The cricopharyngeus is a sling-shaped muscle that forms part of the upper esophageal sphincter, between the throat and the esophagus. It is located behind the larynx (voice box). The cricopharyngeus muscle is contracted during the normal resting state, and it relaxes during swallowing. The forward and vertical movement of the larynx during swallowing also contributes to opening of the upper esophageal sphincter. When there is a problem with the way the cricopharyngeus relaxes or with opening of the upper esophageal sphincter, cricopharyngeal dysfunction is diagnosed.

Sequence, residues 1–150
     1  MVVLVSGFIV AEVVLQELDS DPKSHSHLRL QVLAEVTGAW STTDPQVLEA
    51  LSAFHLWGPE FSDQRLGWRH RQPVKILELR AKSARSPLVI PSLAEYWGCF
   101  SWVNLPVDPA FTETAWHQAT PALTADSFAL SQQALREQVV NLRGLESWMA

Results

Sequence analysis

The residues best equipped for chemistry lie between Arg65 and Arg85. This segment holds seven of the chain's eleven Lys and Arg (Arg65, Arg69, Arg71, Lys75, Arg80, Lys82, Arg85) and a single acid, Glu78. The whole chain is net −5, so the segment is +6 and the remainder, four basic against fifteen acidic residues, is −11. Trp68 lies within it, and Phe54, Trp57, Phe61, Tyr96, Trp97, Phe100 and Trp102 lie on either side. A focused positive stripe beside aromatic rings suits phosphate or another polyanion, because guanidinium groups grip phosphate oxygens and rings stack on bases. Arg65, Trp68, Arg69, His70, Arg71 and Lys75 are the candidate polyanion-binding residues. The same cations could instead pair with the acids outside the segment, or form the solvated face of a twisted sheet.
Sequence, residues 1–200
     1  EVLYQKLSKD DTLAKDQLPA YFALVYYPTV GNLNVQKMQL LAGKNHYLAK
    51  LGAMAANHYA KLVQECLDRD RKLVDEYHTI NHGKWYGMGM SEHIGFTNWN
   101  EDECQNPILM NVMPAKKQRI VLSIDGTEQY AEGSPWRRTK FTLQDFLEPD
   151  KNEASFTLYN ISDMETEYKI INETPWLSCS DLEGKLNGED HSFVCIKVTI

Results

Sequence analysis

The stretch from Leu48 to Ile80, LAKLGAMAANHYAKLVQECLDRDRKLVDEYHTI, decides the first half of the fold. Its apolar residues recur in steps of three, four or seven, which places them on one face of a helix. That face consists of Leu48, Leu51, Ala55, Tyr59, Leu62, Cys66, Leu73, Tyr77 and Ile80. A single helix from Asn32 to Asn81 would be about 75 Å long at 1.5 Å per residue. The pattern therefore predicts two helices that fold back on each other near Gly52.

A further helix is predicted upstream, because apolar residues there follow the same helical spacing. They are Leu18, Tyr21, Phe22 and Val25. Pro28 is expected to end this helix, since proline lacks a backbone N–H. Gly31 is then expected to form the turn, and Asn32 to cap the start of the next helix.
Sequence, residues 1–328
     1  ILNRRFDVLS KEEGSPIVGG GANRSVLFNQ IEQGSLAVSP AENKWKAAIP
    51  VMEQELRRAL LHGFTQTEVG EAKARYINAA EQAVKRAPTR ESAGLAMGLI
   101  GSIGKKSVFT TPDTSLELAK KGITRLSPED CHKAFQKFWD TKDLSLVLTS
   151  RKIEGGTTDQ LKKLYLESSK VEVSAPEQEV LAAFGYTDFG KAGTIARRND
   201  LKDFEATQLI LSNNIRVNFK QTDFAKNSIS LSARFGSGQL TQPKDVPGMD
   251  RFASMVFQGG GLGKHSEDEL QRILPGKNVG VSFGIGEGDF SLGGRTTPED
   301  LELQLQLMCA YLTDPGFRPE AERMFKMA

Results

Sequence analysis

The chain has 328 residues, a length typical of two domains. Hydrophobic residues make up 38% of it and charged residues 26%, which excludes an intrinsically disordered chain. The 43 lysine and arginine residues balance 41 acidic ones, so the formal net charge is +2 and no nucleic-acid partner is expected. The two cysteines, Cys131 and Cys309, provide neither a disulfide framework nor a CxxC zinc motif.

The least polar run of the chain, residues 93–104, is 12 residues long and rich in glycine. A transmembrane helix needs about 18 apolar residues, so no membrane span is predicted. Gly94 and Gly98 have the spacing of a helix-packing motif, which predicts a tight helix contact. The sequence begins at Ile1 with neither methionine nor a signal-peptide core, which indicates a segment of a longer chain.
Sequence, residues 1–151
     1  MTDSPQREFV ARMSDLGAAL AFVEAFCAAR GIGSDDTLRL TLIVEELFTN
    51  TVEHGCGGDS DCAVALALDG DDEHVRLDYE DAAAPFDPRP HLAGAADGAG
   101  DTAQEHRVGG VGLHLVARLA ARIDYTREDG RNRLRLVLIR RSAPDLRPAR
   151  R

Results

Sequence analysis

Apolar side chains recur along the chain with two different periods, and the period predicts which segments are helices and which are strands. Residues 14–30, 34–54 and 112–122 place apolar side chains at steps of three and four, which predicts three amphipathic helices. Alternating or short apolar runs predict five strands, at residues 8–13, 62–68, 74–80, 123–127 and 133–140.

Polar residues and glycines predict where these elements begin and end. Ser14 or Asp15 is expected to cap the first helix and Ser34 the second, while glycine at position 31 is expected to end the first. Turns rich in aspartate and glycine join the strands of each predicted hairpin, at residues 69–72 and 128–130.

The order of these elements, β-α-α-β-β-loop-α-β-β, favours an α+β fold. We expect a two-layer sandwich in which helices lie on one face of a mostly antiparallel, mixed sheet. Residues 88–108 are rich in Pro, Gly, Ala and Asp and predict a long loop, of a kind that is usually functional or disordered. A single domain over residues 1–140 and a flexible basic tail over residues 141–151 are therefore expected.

There are many causes of cricopharyngeal dysfunction, including reflux disease, stroke, neuromuscular diseases, radiation therapy, and post-surgical changes. At times, a cause can not be identified, and the cricopharyngeal dysfunction is referred to as idiopathic. The most common types of cricopharyngeal dysfunction are hypertonicity (pressure too high), delayed relaxation, or incomplete relaxation. These disorders are diagnosed with a combination of barium swallow studies and pharyngeal manometry. Such cricopharyngeal disorders can frequently be treated with dilation and botulinum toxin (Botox) injections.